Gram’s staining is one of the most important differential techniques used in bacteriology. There are two groups: gram positive and gram negative bacteria.
Method of gram staining was developed by “Christian Gram” in 1984.
In this method smear is stained with crystal violet and then iodine is applied as a moderate. The crystal violet iodine complex impart purple black color to the cells. In gram-positive cells this complex binds to the magnesium-ribonucleic acid component of the cell wall, forming a complex which is difficult to remove. The intensely stained cells are then washed with ethanol. This serves as a lipid solvent and a dehydrating agent for protein.
The gram positive bacteria contain low lipid content in their cell wall hence low amount of lipid is dissolved by alcohol. This makes minute pores in the cell wall that are closed by the dehydration effect of alcohol.
In gram negative cells, large pores are formed that do not close appropriately hence, dehydration of cell wall protein does not occur completely. So an unbound crystal violet complex leaves the cell colorless or unstained.
Now if the smear is counter stained with safranin, the gram negative cells are easily seen due to absorption of safranin and imparting the cells red color. While gram positive cells retain the blue color of the primary stain.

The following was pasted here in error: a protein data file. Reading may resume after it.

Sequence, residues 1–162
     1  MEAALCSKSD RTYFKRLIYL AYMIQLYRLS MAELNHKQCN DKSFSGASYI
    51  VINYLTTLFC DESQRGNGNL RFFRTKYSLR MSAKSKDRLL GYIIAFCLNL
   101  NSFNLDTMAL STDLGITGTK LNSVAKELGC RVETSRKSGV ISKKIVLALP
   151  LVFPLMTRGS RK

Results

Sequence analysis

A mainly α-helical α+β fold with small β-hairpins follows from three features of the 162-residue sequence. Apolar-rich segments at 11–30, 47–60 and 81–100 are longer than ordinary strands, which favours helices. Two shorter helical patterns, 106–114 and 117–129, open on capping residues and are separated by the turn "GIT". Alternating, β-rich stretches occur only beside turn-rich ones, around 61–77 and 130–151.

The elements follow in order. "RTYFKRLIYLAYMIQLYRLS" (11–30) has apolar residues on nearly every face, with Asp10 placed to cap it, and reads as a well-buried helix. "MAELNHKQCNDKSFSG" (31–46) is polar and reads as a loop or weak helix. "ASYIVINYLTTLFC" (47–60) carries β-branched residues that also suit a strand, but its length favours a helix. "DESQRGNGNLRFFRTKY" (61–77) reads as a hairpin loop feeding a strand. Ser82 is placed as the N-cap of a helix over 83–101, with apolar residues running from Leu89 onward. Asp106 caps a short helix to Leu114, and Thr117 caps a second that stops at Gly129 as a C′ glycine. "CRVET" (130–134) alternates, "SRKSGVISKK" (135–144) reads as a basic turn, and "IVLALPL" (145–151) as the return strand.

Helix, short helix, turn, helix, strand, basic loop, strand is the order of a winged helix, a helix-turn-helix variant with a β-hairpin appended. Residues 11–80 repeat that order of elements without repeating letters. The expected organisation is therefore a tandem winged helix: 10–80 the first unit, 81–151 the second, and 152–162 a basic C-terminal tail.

- Bacterial slant culture
- Crystal violet
- Gram’s iodine
- Ethyl alcohol
- Bunsen burner
- Inoculation needle
- Staining tray
- Glass slide
It is advisable to use young culture for gram staining.
- Prepare a bacterial smear and heat fixed on the slide using standard procedure. Pour a few drops of crystal violet on the smear.
- Wait for 1 minute and wash with tap water. Now, flood the smear with gram’s iodine for 1 minute and again wash with tap water.
- Decolourise the Staub with ethyl alcohol (95%) by dropping the reagent drop wise until crystal violet fails to wash from the smear.
- Wash it with tap water and counterstain with safranin for 45 seconds and wash again with water.
- After drying, examine under oil immersion.
The bacteria that take stains and appear dark violet or blue black colored are called gram positive bacteria. Those appearing pink or red colored and do not stain are called gram negative bacteria.
Dr. R C Dubey – Practical Microbiology